Why Maggi noodles aren’t the only foods that should be getting a rap

Image courtesy: Maggi.in

After reports of unacceptably high levels of MSG and lead in Maggi noodles, the instant food brand isn’t quite jumping off the shelves. But there are lots of other foods we believe are  healthy – thanks to some clever advertising – which are equally damaging or, at best, devoid of any health benefits. Here are the major culprits:

Instant noodles, the anytime meal

Many people might find it hard to imagine a world without instant noodles. Even Amitabh Bachchan would have us believe it’s the taste of India. But think about it. Is convenience so crucial in your eating, that you’d put away all that maida and synthetic flavour rather than toss up something fresh and healthy?

Studies have also shown that the flavour enhancers convert to MSG when cooked. So much for the declaration of ‘Contains no added MSG’. A handful of nuts, some boiled channa or a chappati roll is a much better thing to feed your child when he’s hungry between meals.

Image © iStock.com
Image © iStock.com

Cereal for breakfast

Don’t be fooled by those images of golden ears of wheat waiting to be harvested. Or advice from fake TV mums telling you that a bowl of cereal with a fruit garnish will have your kid topping his class. While cereals are certainly good for the body, the stuff that comes in eye-catching cartons isn’t.

The unbalancing act of cereals
Image © iStock.com/8vFanl

It’s been through a food extrusion process that strips away most of the nutrients.  Breakfast cereals that target children are loaded with sugar and flavouring agents. And it’s certainly not a good idea to exchange a balanced meal for bowls of cereal for quick weight loss.  Swap cereals for traditional breakfast foods, depending on what your traditional foods are: idli-sambar, paratha-dahi, a plate of poha. It’s the best.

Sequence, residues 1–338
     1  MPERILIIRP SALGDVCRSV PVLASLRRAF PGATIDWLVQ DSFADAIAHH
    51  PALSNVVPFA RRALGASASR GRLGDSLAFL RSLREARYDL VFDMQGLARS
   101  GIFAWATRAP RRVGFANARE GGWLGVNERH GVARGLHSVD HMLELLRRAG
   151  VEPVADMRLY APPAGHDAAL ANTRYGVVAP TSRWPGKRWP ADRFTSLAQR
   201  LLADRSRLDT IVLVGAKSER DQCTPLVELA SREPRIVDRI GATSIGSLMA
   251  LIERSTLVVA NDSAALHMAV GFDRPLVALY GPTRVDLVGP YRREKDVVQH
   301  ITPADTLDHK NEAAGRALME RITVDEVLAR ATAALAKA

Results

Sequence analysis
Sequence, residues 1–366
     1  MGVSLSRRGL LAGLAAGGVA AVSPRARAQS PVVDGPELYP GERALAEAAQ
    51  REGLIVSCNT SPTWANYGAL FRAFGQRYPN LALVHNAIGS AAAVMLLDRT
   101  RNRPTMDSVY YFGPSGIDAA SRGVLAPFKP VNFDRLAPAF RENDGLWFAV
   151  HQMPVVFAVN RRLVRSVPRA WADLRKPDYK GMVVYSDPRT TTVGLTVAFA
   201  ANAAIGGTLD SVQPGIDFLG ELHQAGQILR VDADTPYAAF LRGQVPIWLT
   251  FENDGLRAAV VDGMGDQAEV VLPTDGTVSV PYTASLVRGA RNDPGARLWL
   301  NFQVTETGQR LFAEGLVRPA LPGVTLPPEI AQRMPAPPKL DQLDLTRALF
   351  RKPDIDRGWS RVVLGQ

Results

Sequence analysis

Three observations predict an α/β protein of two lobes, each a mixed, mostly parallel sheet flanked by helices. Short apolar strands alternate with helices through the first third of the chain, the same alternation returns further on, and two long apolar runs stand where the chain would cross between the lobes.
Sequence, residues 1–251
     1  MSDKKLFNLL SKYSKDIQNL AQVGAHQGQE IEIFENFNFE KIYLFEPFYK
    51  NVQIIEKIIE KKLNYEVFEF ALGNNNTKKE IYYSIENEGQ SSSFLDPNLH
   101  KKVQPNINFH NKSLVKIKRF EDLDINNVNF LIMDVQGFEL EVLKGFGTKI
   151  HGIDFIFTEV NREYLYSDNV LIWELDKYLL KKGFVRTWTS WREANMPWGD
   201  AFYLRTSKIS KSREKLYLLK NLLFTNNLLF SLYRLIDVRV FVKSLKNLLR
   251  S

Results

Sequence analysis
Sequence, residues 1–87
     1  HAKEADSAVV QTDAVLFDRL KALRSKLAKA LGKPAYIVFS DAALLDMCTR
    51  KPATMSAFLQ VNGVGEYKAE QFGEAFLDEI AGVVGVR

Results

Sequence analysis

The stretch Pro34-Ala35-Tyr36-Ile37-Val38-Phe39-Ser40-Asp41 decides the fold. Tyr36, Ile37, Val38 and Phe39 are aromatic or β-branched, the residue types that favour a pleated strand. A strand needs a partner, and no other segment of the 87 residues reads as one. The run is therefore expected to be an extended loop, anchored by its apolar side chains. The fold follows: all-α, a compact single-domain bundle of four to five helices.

Biscuits as snacks

Many people believe biscuits are good, because they aren’t visibly greasy and, again, advertising tells us they are enriched with fibre, calcium, iron and more. In fact, hydrogenated oils and trans fats are key ingredients in biscuit manufacturing.

So-call fibre-enriched ones only contain a minuscule amount of your daily fibre needs. Swap that packet of biscuits for a handful of channa, a slice of fruit or even some peanut chikki for when you want a sugar rush and make a healthier choice.

Image © iStock.com
Image © iStock.com

Tetrapack juice as health drinks

No matter the assurances of whole fruit and no added sugar, the juice that you buy in tetrapacks isn’t all that it claims itself to be. The processing removes essential  nutrients; the stuff has to stay in the pack for months, even years, remember?

Also, the percentage of real fruit isn’t ever 100 %. Read the label next time. Far better to eat a whole fruit that’s in season or make your own juice. Tender coconut is a super healthy thirst quencher as well.

Image © iStock.com
Image © iStock.com


Creamy cup dahi

It’s convenience that makes most people reach for that plastic cup of factory-made dahi.  Manufacturers may claim it’s free of preservatives and additives, but how does a naturally souring product sit on a supermarket shelve for days, even weeks without any change?

According to ayurveda, the benefits of curd can only be derived when it’s set fresh and eaten fresh. So, why not make your own at home? It’s not that hard. Boil the milk, allow to cool till lukewarm. Place a couple of teaspoons of ‘starter dahi’ in a non-reactive bowl and pour in the milk. Leave undisturbed till set. You can’t use branded cup dahi for a starter; it won’t set. Borrow from a neighbor or use dahi that comes in sachets.

Image © iStock.com
Image © iStock.com